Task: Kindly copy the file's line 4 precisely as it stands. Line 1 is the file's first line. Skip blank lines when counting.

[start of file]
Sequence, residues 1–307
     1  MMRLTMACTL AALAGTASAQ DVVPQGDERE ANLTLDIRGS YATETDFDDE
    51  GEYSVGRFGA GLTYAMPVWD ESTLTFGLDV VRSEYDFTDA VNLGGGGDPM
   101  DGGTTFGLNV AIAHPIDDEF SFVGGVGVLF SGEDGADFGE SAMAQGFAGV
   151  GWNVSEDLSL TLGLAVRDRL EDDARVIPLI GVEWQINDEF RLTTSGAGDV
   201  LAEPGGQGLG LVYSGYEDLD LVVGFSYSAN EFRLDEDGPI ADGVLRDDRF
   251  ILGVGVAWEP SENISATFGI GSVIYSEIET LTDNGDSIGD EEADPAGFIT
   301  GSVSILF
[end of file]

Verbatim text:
   101  DGGTTFGLNV AIAHPIDDEF SFVGGVGVLF SGEDGADFGE SAMAQGFAGV